Planting Strawberries in Stawberry Pots

Generally, when planting a strawberry pot, you first add soil to the main section, or middle of the pot. There are many styles of strawberry pots and, thankfully, some wonderful new lightweight materials. Some traditional terra cotta pots have a lip under each potting hole, which helps greatly in keeping the soil in the pot, as the plants become established. However the lip also makes planting more difficult. It's a nice look, but it's not necessary and any strawberry pot that strikes your fancy will work just fine. Strawberry pots can be messy to fill, since there are so many openings on the sides. It also makes it easier to turn the pot around and you need to do less bending.

For those gardeners with little space but a hankering for homegrown strawberries, a strawberry pot is the perfect solution. If you're unsure about what a strawberry pot is, they are those urn-shaped pots with a series of small pockets running along the sides. They are generally terracotta, though I've seen them made of glazed pottery as well. You can also find them in a variety of sizes, from very small four-pocket varieties to pots that stand nearly two feet tall and have a plethora of pockets. Keep in mind that a smaller pot will need to be watered much more often than a large one. There are three types of strawberry plants. For a strawberry pot, the best types are the ever-bearing and day-neutral varieties. Planting a strawberry pot is a fairly simple process. Terracotta pots will wick all of the water out of your soil unless you moisten them before planting. To do this, simply lay your pot in a tub of water for about an hour. Pour water down the tube, on the soil at the top of the pot, and into each pocket do this slowly so the water doesn't make the soil slosh out. Later, water and fertilizer poured into the hose will seep into the potting mix, and the top of the hose will eventually be obscured by the plants on top. You'll need to group together plants that require about the same amount of sun, water, type of soil and amount of fertilizer. Strawberries can be grown in nearly any type of container hanging baskets, pots, tin cans, pocketed strawberry pots, and in tiers, to name a few. Strawberries only need about four to six inches of soil for their roots so shallow bowls will work, as will the more commonly shaped conical pots. Herb or strawberry pots are tall pots with holes around the sides, and are ideal for growing a selection of herbs or a tower ofstrawberries in a small space.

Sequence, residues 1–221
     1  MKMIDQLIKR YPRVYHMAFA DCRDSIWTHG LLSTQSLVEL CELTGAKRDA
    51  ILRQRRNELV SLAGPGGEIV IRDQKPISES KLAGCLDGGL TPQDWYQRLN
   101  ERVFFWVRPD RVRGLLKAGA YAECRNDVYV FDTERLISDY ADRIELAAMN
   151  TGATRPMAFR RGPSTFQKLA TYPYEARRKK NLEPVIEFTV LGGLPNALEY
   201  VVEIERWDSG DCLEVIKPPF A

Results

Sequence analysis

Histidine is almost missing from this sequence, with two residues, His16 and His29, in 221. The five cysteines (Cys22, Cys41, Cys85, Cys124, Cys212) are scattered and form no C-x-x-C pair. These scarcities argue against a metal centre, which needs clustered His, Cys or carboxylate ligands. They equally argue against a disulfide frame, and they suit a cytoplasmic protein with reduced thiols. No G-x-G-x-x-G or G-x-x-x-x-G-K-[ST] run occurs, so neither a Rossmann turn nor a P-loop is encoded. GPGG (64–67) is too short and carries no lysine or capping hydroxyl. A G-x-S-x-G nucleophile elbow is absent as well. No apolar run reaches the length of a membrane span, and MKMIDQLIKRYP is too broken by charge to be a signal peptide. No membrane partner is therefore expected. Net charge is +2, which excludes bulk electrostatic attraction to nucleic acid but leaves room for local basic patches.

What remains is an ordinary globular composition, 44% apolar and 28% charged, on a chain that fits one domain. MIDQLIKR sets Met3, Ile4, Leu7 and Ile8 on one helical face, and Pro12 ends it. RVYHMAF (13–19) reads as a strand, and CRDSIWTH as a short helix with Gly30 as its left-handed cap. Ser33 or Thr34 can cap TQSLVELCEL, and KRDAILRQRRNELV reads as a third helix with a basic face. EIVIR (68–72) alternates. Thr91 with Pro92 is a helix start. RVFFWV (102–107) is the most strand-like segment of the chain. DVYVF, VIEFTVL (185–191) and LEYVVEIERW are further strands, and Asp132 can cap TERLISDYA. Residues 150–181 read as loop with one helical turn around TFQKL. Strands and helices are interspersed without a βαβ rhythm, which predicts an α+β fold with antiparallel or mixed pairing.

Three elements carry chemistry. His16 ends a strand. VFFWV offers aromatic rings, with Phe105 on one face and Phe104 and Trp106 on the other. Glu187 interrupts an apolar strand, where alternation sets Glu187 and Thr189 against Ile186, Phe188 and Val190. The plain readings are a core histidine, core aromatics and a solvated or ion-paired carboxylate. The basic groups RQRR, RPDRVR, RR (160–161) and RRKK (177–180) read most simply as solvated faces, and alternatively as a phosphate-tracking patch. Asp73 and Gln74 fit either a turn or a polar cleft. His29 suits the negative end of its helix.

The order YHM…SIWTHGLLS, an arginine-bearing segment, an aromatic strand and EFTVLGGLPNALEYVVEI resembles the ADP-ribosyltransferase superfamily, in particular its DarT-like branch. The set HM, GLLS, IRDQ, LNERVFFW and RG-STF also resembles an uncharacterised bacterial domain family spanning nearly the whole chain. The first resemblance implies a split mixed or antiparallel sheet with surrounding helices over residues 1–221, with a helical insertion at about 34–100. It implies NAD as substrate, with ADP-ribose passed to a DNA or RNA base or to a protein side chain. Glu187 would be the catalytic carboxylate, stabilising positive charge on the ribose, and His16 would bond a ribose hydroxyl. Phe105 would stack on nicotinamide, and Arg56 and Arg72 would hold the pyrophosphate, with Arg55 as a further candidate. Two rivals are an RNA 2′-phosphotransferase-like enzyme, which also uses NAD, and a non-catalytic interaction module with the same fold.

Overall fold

Strawberries do have a hanging habit and don't mind being cramped. Decide what type of strawberries you want. You can grow strawberries indoors in the winter months, if you would like but you will need to make sure you have proper lighting and good soil. My strawberries seem to pollinate themselves, but you can hand pollinate them with a paint brush. The straw mulch helped keep the strawberries off the moist soil where they were susceptible to rot. It needed to be done almost daily to check on the ripening strawberries. If not, the strawberries either rotted or became insect nourishment. For seedlings poke holes with your fingers in each of the pot's growing spaces to place seedlings in. Thank you for reading this information and I hope it was helpful.
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About Peter Paul

Welcome to I've spent my career helping people upgrade their homes and improve their lives. I learned first hand about home renovation from my father, who hand-built our family home.
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